This workout from the U.S. Ski Team’s (USST’s) Noah Hoffman definitely falls into the “don’t try this at home” category – or at least not without some modifications.
Hoffman, an up-and-comer on the U.S. distance squad, brings overdistance workouts into a realm usually monopolized by ultramarathoners. On long runs hitting the six- to seven-hour mark, Hoffman does in a day what many weekend warriors do in a week.
But these workouts are not just about putting in the time. For Hoffman, it is a chance to explore, and enjoy the process.
This might involve pulling out a map and plotting a new route, or stringing together a series of familiar trails into a big loop.
“When I am in Park City, I get a National Geographic map, and I’m like ‘this trail looks fun,’” he said. “Sometimes, I get on these trails that are super-overgrown, super-hard to find, crossing streams constantly. You just have to commit to being soaking wet, because you are not going to get through it otherwise. That is my favorite.”
On of his go-to routes is a circumnavigation of the stunning Maroon Bells mountains outside of Aspen, Hoffman’s hometown.
Known as the “Four Pass Loop,” the run is exactly a marathon in distance, 26 miles, and climbs over four mountain passes all in the 11,000 to 12,000 foot range. With the valleys no higher than 9,000 feet, there is no shortage of elevation.
“It is just spectacular out there,” says Hoffman.
These long workouts also provide the opportunity to take advantage of travel. Recently, Hoffman took a trip with his parents from Aspen to Durango. Between those two towns is the substantial Snowmass Wilderness Area, and cars must drive the long way around. So Hoffman got out of the car in Snowmass Village, ran through the wilderness area, and met his parents on the other side—for a total of 17 miles.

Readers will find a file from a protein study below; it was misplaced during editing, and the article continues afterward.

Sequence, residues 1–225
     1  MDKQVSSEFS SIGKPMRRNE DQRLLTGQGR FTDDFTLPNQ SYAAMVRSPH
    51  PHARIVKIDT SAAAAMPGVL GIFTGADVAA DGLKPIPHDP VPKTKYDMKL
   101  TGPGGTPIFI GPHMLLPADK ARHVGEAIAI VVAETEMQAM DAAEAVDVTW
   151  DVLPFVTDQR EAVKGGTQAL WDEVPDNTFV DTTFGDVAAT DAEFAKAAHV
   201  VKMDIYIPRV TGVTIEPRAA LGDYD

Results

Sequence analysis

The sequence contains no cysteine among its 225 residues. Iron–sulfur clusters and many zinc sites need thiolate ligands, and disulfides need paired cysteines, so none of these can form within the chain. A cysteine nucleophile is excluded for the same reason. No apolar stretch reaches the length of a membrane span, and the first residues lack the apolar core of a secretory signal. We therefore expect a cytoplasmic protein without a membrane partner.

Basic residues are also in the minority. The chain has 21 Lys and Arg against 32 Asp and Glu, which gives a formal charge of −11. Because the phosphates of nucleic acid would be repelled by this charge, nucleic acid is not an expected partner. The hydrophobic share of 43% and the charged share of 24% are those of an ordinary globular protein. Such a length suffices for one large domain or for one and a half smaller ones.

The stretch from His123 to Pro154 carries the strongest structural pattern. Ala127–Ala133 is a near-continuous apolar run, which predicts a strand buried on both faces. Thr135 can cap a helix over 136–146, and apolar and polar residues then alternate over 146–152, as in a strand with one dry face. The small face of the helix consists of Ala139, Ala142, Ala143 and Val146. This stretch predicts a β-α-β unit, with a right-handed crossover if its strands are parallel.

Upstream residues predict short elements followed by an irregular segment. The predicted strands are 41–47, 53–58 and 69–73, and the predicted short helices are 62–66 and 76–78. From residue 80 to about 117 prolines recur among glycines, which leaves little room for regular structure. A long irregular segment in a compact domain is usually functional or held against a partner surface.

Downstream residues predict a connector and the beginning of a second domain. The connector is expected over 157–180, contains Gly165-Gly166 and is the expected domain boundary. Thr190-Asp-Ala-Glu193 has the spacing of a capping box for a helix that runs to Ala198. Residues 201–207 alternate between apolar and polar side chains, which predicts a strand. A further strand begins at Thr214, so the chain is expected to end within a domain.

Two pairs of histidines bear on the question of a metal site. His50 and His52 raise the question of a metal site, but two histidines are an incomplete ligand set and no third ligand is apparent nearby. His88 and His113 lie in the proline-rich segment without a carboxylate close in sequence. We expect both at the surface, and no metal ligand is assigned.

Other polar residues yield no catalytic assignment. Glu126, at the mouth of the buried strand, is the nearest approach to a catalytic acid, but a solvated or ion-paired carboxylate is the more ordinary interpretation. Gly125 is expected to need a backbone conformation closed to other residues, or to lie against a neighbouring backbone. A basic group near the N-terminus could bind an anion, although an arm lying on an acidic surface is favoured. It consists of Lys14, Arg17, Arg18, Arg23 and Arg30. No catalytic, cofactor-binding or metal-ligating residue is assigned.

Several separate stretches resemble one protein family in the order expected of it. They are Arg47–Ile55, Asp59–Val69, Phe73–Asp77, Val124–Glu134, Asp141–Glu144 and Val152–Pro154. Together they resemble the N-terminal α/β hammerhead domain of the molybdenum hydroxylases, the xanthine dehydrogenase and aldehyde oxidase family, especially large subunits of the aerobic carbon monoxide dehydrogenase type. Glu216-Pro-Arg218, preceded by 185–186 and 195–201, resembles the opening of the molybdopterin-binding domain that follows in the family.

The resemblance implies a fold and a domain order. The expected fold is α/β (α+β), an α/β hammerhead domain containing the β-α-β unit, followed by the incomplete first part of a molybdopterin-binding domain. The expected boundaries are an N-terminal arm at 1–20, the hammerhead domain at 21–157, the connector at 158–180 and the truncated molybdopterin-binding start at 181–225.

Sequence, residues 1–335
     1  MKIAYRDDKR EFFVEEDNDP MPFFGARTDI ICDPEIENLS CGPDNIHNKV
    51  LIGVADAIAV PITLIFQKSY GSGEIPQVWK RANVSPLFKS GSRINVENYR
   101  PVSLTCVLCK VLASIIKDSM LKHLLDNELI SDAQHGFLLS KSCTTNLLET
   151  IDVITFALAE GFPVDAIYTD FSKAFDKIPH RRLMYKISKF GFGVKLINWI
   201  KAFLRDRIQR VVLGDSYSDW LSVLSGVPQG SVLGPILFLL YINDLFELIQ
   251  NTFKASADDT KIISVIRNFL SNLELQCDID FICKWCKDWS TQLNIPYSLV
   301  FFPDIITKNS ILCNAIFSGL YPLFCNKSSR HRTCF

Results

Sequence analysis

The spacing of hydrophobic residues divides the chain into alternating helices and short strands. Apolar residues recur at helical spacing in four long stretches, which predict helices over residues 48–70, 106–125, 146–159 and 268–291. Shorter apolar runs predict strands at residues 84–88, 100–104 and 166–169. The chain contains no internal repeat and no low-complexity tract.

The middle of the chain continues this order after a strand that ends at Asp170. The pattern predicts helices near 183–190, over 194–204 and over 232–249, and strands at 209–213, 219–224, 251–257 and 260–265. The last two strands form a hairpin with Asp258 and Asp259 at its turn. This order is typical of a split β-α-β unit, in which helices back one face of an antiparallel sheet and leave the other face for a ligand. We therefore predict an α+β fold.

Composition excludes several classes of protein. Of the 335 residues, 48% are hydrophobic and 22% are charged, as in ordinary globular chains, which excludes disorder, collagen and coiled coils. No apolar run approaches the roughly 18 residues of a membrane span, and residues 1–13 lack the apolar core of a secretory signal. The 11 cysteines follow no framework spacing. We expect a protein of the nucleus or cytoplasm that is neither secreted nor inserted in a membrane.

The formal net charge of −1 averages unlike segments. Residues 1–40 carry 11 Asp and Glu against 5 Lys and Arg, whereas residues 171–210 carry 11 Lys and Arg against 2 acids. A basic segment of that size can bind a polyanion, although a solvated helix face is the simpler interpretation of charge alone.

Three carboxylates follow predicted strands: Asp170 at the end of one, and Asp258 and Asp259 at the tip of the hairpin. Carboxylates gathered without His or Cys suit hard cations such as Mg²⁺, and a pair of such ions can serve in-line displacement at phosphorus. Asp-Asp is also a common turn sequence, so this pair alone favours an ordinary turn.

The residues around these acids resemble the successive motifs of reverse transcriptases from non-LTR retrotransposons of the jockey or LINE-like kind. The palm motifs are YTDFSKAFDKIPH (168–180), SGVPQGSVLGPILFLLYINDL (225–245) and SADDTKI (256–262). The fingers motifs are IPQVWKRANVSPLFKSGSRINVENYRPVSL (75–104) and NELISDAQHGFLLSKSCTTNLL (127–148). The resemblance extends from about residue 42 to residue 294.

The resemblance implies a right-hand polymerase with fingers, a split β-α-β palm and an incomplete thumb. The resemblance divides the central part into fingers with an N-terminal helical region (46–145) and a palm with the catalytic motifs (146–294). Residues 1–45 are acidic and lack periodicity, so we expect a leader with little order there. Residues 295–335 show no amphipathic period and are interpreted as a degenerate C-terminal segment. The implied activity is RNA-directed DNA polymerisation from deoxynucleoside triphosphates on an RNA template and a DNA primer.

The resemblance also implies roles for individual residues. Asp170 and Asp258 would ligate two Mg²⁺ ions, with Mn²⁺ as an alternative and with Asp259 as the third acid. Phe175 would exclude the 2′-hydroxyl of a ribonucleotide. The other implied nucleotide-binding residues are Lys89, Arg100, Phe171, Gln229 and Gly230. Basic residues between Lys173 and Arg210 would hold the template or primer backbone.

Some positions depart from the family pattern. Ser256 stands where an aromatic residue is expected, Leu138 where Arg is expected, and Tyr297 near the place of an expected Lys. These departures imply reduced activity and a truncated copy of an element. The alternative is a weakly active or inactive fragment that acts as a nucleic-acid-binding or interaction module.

“I really like doing stuff like that, making the drive shorter—and then you are tired when you get in the car,” he said.
Generally, Hoffman does these long runs alone, but not out of a desire for solitude.
“It would be really fun to show people [these routes], but they are so long that oftentimes it’s hard to match up with other skiers,” he said.
The idea, as with most overdistance workouts, is to stay at level one, but Hoffman readily admits that he strays at times. “Every once in a while, I get stubborn, and I just refuse to walk any of it. I really should be ski walking, but I just don’t do it. So I run the whole thing, and am probably in lower level three at that point. But it is not the end of the world.”
Even when pushing the pace somewhat, Hoffman doesn’t treat the workout differently in terms of repair and recovery—with the exception of skipping an afternoon workout, of course. And usually, such runs are scheduled before an easier training day.
Hoffman doesn’t even follow a substantial feeding regime on these runs. He travels with two bars in the back pocket of his shorts, and a water bottle with filter that he carries with one of the hand straps preferred by long distance runners, filling it at stream crossings.
“Generally I can get through 6 or 7 hours with just that,” he said.
Hoffman is not sure how much physiological benefit he gets from pushing these workouts beyond five hours, noting the Kris Freeman now stays below that threshold for just that reason.
But the psychological benefits make it all worth it. “I have been doing these since I started training,” Hoffman said, “before I even had a training plan…they are just so much fun.”
Topher Sabot is the editor of FasterSkier.